Similarly, Pia Mancini (an extraordinary Argentinian woman) has embarked in the journey of modernising politics through the wonder of technology. In her TED video (see below) she argues that politicians are attempting to solve today’s problems with a system developed two or three hundred years ago. So, along with some friends, she created an app where new policies in the making are presented in plain language for citizens to vote “for” or “against” them. The project has been iterated, but their idea is gaining traction and support from key stakeholders. My favourite quote from the video, if you don’t watch it, is this: ‘Our political system can be transformed, and not by subverting or by destroying it, but by rewiring it with the tools that internet afford us now; by transforming noise into signal’.
3. Social entrepreneurship
Social entrepreneurs want it all: to change the world by solving social issues through innovation; to generate profit, and to be socially responsible while doing so. This translates into being sustainable and respecting labour rights, for instance. I consider this not to be a trend or a type of business. This is how things are supposed to be, especially when it comes to technology. I am not the only one thinking that. Wired has an article titled “Startups don’t need to choose between profit and purpose”.
While living in Cambodia, I interned for a small and amazing consultancy group (Agile Development Group) that was also building a wheelchair-accessible tuk tuk (first one in the country). My role was to develop a business model to make this a profitable and sustainable project, rather than a one-time thing that helped only a few Of course, there are challenges. A big one was to actually incorporate the knowledge of Cambodian people with disabilities into the first accessible tuk-tuk design. Yet, everyone who is involved is learning from the process, the team is multidisciplinary and the prototype is successfully serving as an MVP (minimum viable product) to test and improve the business idea. More importantly, the mission is on point and the main driver of the project. What they seek is to transform Cambodian transportation by making it more inclusive in the long term. As Rowan (2016) says, ‘If your aim is only profit, that’s what you’re optimising for. If your aim is mission, you can’t screw somebody along the way’. Even if you could, you won’t.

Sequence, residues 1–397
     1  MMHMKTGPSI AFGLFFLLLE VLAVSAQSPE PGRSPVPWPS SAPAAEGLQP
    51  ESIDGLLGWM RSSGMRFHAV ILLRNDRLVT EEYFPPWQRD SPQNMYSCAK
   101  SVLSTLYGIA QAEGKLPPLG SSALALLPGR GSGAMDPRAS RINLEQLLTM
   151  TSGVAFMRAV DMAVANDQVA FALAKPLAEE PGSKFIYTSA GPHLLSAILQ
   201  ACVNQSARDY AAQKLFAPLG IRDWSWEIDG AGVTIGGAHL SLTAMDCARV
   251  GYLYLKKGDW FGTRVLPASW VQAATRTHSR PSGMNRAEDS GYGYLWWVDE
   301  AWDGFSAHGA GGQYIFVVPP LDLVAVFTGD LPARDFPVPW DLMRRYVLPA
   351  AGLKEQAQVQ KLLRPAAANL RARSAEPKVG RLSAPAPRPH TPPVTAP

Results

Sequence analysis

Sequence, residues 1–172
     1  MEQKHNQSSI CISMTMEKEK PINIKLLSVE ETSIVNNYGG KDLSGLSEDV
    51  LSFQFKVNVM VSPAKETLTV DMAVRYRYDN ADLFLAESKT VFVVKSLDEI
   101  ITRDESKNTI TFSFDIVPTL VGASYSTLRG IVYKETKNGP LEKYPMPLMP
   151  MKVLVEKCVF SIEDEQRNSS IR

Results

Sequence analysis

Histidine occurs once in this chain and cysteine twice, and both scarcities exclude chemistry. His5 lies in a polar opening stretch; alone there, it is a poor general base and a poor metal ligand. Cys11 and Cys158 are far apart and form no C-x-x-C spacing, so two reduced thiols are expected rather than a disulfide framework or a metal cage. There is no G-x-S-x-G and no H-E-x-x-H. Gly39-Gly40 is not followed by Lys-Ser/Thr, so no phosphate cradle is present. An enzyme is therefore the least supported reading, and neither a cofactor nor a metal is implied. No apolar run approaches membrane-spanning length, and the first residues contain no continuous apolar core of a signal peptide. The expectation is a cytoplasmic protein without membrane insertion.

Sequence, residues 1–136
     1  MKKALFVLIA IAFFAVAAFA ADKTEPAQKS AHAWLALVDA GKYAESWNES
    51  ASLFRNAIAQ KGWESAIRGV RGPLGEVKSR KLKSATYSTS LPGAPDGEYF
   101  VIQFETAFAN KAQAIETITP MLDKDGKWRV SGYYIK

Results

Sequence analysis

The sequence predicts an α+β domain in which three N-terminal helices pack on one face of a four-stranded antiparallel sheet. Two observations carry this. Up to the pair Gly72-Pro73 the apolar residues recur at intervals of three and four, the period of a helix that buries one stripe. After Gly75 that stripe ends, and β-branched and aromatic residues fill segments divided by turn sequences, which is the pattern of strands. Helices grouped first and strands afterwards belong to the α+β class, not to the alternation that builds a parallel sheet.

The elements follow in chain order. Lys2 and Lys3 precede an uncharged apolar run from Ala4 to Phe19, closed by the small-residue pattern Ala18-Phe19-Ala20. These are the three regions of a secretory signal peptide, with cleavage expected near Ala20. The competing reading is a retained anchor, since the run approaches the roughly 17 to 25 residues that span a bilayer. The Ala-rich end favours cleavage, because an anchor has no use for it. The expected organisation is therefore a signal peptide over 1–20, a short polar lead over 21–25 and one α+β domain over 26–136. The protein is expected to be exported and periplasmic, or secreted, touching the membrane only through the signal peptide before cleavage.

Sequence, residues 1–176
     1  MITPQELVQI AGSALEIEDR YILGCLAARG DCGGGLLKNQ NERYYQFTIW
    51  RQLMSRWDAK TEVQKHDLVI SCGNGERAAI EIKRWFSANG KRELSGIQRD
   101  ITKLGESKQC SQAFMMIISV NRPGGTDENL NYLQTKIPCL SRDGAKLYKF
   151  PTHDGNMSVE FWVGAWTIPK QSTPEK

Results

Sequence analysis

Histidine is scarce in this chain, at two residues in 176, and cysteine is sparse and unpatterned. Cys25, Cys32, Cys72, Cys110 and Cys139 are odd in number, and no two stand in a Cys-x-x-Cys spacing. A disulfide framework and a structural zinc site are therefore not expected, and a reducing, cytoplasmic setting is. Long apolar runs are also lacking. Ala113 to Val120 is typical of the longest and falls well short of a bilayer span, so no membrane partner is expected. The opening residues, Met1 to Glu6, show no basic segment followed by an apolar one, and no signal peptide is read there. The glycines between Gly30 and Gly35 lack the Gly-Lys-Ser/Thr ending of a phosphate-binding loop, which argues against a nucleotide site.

Technology is neither good or bad. It is a crucial component of international development. If you are into science fiction (how about The Matrix or Ready Player One?), or you are simply aware of the rapid advance of technology in the last century, you know that it has to be an ally. Moreover, technology is an opportunity. There are many challenges that were not even discussed here, such as privacy and high costs. Still, development practitioners have to continually reflect about the best use of technology to address social problems and, perhaps, to achieve the Sustainable Development Goals.
NOTE: This post was created by incorporating or reflecting upon of the ideas of those who replied to a facebook post where I asked: ‘What comes to mind when someone says “technology” and “development”’. Thanks for your input!